1826 – 1865

After Thomas Jefferson’s death in 1826, the indebtedness of his estate compelled his executors to sell his books and furniture, house and land, and the people he had considered his property. At auction sales in 1827 and 1829, 130 men, women, and children were sold away from their home and families. Children as young as nine were sold separately from their parents. Although Jefferson’s granddaughter reported that only one slave was sold outside Virginia, even those who had new masters in Albemarle or adjacent counties could not count on remaining near their relatives.

In the forty years until Emancipation, most of Monticello’s African Americans remained in slavery, and many lived close to Monticello. Others left, either involuntarily or by choice.  A stream of Virginians was moving westward to new pastures, taking their enslaved property with them.  We probably know of only a fraction of them. William Smith was taken to Kentucky, Wormley Hughes’s daughters to Missouri and Mississippi, Martha Ann Colbert to Arkansas Territory, and Susan Scott to northern Alabama. 

Seven people (all Hemings family members) were freed by the terms of Jefferson’s will or received unofficial freedom from his heirs. Others, among them Israel Gillette Jefferson and the children of Joseph Fossett, obtained their freedom by purchase. Almost all of these  free people left the land of slavery in the 1830s and 1840s for the free state of Ohio. The Fossetts and Israel Jefferson chose to settle in Cincinnati, the nation’s largest inland metropolis, while Madison and Eston Hemings  went to more rural Ross and Pike counties, where many free people of color from central Virginia had already settled.

At least two people made courageous gambles for freedom.  Isabella Fossett ran away successfully to Boston, but Brown Colbert had to travel to a new continent with a dangerous climate to become a free man.

1865 – 1920

The dynamic arcs of travel illustrated on this map are signs of a new era. Before the Civil War, many of the relocations of Monticello’s African Americans and their descendants were enforced journeys made by still-enslaved people.  Even those who were free, like the Hemingses and the Fossetts, were impelled to leave Virginia by the worsening conditions for free blacks there.  From 1865, an expanding transportation network made travel easier and everyone was free, free to choose their residences, free to seek a better life for their families.

Moses Gillette left Virginia after Emancipation to settle in Ohio near his brother Israel Gillette Jefferson.  Yet the search for greater opportunity led to separation as well as reunion.  Several descendants left the Ohio heartland for cities on the East and West Coasts.  Madison Hemings’s youngest daughter, Ellen Hemings Roberts, broke the pattern of her family members by leaving rural Ohio for a western city.  Her enterprising husband, Andrew J. Roberts, prospered in the booming city of Los Angeles.  Virginia and Maria Isaacs left their Ohio farm to live in Boston with their husbands, James Monroe Trotter and William H. Dupree, who had served in the 55th Massachusetts infantry regiment in the Civil War.  As the only fully-commissioned black army officers in Boston, they were conspicuous figures with a broader choice of careers than most black men.  They joined the U. S. Postal Service as clerks, pioneers in one of the few white-collar workplaces then open to African Americans.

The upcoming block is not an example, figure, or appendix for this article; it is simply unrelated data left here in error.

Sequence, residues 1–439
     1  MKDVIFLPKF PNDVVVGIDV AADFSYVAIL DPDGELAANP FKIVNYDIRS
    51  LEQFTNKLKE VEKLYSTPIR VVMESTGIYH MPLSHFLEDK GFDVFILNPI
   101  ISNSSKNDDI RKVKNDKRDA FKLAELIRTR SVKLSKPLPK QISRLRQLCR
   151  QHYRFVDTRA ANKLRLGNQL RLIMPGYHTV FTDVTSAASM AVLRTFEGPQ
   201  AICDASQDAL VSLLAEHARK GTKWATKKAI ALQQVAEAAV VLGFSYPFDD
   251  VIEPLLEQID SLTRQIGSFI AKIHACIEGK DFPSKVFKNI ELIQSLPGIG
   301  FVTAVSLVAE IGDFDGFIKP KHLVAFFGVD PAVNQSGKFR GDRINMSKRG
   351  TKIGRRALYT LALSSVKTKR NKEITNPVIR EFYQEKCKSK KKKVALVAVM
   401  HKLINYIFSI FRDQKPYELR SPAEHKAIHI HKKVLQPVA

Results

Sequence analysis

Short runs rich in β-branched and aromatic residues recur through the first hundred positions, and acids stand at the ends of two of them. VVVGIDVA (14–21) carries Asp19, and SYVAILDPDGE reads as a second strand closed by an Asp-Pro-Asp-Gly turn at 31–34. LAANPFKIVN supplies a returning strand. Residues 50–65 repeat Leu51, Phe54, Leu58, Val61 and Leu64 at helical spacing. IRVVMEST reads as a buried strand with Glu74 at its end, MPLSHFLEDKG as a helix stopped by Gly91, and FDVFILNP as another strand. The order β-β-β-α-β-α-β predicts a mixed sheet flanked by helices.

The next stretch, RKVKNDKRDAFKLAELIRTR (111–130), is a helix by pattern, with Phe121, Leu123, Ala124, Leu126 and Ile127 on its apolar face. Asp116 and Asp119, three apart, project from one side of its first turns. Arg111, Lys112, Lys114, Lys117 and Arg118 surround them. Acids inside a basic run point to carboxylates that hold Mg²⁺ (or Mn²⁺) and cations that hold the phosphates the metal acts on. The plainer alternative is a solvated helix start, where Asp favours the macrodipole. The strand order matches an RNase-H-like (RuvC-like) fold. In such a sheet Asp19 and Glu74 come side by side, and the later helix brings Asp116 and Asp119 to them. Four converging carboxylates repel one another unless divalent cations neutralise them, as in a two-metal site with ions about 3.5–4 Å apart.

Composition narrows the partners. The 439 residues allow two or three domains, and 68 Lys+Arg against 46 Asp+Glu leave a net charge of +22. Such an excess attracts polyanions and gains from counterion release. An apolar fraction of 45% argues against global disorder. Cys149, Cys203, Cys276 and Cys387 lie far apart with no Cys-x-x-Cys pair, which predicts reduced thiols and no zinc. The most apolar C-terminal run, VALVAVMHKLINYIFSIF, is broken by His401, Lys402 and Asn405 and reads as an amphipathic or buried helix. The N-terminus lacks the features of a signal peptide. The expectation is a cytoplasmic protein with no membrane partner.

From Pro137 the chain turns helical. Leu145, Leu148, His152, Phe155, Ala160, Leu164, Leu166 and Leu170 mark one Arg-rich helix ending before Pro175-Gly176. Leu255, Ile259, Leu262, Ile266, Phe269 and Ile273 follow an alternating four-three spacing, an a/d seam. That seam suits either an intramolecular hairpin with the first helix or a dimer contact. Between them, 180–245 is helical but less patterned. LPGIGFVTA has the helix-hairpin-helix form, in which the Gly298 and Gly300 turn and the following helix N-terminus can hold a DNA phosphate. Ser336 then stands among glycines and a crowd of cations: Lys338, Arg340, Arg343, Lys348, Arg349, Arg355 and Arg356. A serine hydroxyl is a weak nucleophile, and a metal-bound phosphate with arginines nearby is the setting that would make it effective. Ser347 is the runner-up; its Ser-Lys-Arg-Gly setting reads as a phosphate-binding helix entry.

Eston Hemings Jefferson’s son John Wayles Jefferson was so taken with the rich cotton plantations he had seen when fighting the Confederates in the war that he left his family in Wisconsin to live in Memphis, Tennessee.  He became a very wealthy cotton broker and plantation owner there.  His brother Beverly Jefferson’s sons and nephew migrated from Wisconsin to the fastest-growing city in the nation, Chicago, to pursue their careers in business, law, and medicine.  One became a millionaire.

Present Day

The dots indicate the residences, at the time of their interviews, of nearly 180 people who participated in the Getting Word project. This map is not representative of the entire community of living descendants of Monticello’s African American community. If you wish to learn more about descendants in a particular place, you can enter a location in the Search box. Also, you can click on People and check the box to the left of the relevant family name.

In 1993, Lucia Stanton, the project director, and Dianne Swann-Wright, the project oral historian, began to trace the whereabouts of Monticello’s enslaved descendants, with the help of consultant Beverly Gray, a historian who had been studying the African American experience in southern Ohio for many years. The first event of the project was a reception that she organized in Chillicothe in 1993. Forty descendants of the Fossett and Hemings families attended.

Over the years more individuals came forward to share their stories. Staff traveled to Ohio many times and to Alabama twice; they visited the cities of Boston, Cincinnati, Columbus, Los Angeles, New York, Philadelphia, Oakland, Seattle, and Washington, DC, where they recorded interviews, explored cemeteries, examined family photographs and documents, and were enriched by shared memories. Research in newspapers, private papers, and public records supplemented the interviews.